Is asking pastors to follow the law regarding pulpit politicking akin to bullying clergy? The Religious Right seems to think so.
Last week, a former Tennessee lawmaker and current editor for the Christian Post named Paul Stanley (presumably no relation to the front man for the band KISS), said that the Family Research Council (FRC), which is still a hate group according to the Southern Poverty Law Center, commissioned a poll recently that asked how Americans feel about politics in the pulpit.
According to the survey, which was conducted by something called the polling company, inc./WomanTrend, 61 percent of Americans said in February that the Obama administration should be challenged by churches on issues regarding religious liberty.
And yet, Stanley wrote, most pastors won’t speak out against Obama’s supposed tyranny. Why not? Because groups like Americans United are intimidating them.
“Even though such bully tactics often convince pastors they cannot utter a word about government or civic issues, the good news is not one single church – not one – has lost their status as a result of these threats,” Stanley wrote. “Yet [Americans United Executive Director Barry] Lynn sends them like clock work [sic] every election cycle.”
Let’s start by focusing on those two sentences, which contain multiple inaccuracies. First, AU’s letters are not intended to give the impression that pastors are not allowed to “utter a word” on political issues, candidates or government policies. The tax code does not prohibit churches or other 501(c)(3) organizations from discussing any of those things just so long as they do not endorse anyone for public office. AU has never suggested otherwise.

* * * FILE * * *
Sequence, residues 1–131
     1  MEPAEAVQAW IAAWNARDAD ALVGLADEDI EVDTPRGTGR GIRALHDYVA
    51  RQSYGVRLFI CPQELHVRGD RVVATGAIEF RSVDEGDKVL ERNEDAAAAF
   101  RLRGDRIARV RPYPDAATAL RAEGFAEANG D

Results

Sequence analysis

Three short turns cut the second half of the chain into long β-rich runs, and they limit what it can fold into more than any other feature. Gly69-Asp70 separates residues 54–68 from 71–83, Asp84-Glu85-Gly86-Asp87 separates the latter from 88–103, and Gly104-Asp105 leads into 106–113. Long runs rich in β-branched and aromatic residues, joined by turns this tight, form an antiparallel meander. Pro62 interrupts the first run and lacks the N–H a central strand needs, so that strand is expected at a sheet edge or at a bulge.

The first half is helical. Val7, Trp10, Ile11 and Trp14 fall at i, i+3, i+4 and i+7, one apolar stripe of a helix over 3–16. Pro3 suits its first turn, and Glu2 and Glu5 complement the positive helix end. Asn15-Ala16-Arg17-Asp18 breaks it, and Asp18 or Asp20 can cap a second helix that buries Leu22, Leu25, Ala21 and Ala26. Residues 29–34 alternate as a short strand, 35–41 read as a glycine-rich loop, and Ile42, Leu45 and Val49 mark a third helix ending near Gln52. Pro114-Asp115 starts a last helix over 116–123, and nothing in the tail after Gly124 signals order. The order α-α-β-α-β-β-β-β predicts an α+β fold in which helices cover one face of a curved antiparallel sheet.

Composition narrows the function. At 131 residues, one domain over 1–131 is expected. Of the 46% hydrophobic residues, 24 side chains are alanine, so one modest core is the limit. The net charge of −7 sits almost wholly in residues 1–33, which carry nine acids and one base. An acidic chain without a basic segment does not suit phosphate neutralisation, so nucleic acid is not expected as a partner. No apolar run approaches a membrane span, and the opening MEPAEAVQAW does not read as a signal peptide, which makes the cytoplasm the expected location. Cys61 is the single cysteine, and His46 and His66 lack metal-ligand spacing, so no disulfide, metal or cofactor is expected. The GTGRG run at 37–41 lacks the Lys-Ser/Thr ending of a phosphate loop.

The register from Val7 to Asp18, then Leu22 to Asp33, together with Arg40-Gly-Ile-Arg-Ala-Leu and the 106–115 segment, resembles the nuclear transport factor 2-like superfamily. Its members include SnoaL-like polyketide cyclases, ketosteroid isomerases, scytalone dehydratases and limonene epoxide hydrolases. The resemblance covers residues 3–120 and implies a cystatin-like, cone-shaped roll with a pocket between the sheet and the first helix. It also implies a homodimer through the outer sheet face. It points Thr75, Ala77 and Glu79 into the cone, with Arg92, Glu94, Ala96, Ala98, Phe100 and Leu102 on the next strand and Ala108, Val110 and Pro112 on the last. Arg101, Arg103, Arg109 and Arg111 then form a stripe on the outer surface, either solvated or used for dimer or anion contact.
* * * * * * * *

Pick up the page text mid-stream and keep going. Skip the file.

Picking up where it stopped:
Second, one church has lost its tax exemption thanks to political activity. The Church at Pierce Creek in Binghamton, N.Y., was stripped of its tax-exempt status after it ran newspaper ads telling people not to vote for Bill Clinton in 1992. And in related news, Jerry Falwell Sr.’s Old Time Gospel Hour lost its tax exemption for two years for partisan political intervention and had to pay $50,000 in fines. It seems Stanley is either ignorant of those facts or chooses to ignore them. Either way, let’s move on.
(Side note: There are a whole lot of phony claims throughout this column, and it’s honestly too much to address in a single blog post. Just trust that if you read Stanley’s entire diatribe, you’re going to be frustrated.)
The survey Stanley cites is pretty suspect. While the polling company, inc./WomanTrend may have called 1,000 people over the age of 18 on both landlines and cell phones, as they claim, the reality is poll numbers can be easily fudged by asking loaded questions. And it’s hard to imagine a group like FRC funding anything that didn’t support its agenda.
More accurate polls show a much different result. LifeWay Research, which is the research arm of the Southern Baptist Convention, found a whopping 87 percent of Protestant pastors disagreed that clergy should endorse candidates in church in a poll released in October 2012. This is a slight increase from a December 2010 survey in which 84 percent of pastors said ministers shouldn’t do so.